There are those who say that others routinely abuse children, such as parents, teachers, medical personnel — even the Boy Scouts. It’s a “cultural” thing, they say — so what’s the big deal about the Catholic Church? Well, although raping a child is a sin (and a crime) no matter who does it, the Catholic Church claims to be holy — God’s own beacon of truth and light, with its moral authority authorized by Jesus Christ Himself. That’s a big deal.
I have always viewed the Catholic Church as an organization that does unbelievable good in this world on many levels. As Nicholas Kristof wrote recently in the New York Times:
In my travels around the world, I encounter two Catholic Churches. One is the rigid all-male Vatican hierarchy that seems out of touch when it bans condoms even among married couples where one partner is H.I.V.-positive. To me at least, this church — obsessed with dogma and rules and distracted from social justice — is a modern echo of the Pharisees whom Jesus criticized.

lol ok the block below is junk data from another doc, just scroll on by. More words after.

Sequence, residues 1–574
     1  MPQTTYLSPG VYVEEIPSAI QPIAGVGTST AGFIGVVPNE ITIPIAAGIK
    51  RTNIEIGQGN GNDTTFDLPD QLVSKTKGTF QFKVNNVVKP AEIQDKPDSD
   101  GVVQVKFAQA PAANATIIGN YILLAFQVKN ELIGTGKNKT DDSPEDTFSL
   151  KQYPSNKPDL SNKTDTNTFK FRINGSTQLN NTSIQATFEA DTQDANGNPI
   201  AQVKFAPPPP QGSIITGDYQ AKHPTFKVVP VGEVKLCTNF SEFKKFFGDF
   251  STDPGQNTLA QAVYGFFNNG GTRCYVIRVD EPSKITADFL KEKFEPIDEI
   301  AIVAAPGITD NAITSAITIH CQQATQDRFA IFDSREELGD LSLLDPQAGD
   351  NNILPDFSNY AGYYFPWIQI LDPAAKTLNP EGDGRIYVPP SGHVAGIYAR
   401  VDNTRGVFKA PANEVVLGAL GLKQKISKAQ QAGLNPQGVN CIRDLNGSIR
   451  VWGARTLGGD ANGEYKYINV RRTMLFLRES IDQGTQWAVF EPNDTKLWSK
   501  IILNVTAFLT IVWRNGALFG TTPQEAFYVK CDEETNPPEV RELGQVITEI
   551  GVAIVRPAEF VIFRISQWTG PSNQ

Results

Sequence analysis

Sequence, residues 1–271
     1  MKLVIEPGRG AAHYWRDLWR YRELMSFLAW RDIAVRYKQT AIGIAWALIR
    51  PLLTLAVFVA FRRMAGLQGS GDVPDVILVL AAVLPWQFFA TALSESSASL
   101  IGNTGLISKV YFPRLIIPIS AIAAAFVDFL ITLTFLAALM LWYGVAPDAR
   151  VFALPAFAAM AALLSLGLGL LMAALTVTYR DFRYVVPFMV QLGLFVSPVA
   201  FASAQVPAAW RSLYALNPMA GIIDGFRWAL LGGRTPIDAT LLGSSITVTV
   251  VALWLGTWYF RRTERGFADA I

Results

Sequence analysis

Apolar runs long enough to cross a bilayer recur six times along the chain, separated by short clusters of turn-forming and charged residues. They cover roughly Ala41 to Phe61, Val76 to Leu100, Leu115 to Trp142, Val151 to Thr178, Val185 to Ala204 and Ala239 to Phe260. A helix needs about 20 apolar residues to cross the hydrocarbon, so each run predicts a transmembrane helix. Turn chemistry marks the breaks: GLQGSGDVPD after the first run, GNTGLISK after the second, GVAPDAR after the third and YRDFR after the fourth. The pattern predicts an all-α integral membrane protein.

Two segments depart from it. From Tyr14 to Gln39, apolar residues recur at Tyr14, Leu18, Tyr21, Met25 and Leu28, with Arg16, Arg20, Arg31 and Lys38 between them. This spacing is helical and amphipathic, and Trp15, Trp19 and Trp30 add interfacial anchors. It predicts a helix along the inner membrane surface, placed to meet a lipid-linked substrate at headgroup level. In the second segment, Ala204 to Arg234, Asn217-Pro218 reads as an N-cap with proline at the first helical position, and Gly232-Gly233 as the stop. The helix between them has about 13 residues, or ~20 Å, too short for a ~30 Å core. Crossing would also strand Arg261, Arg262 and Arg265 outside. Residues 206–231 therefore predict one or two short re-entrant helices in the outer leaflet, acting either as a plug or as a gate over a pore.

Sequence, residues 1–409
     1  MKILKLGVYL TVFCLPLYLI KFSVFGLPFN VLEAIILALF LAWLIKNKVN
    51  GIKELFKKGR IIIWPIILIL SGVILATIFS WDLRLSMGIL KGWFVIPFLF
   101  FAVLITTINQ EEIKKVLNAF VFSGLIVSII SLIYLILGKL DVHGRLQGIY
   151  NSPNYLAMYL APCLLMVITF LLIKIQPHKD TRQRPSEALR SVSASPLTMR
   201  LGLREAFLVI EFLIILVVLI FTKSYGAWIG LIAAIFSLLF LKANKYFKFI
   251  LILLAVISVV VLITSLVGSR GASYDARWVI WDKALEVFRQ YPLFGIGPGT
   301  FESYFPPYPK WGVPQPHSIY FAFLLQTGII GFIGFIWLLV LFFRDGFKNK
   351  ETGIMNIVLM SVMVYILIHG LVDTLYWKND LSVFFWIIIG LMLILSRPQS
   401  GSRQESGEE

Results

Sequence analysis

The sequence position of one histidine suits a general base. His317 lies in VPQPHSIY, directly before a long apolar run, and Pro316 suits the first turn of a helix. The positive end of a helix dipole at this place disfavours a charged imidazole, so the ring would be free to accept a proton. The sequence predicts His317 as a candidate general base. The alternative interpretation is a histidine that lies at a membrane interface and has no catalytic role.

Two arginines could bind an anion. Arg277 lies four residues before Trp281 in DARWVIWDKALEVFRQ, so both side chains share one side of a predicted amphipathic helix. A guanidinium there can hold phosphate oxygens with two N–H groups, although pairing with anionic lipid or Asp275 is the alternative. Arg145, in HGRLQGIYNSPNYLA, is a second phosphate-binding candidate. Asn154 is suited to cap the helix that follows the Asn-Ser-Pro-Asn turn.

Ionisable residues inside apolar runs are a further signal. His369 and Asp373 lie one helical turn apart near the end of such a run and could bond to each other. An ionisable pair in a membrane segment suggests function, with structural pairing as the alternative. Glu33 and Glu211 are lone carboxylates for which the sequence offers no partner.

Yet there’s another Catholic Church as well, one I admire intensely. This is the grass-roots Catholic Church that does far more good in the world than it ever gets credit for. This is the church that supports extraordinary aid organizations like Catholic Relief Services and Caritas, saving lives every day, and that operates superb schools that provide needy children an escalator out of poverty.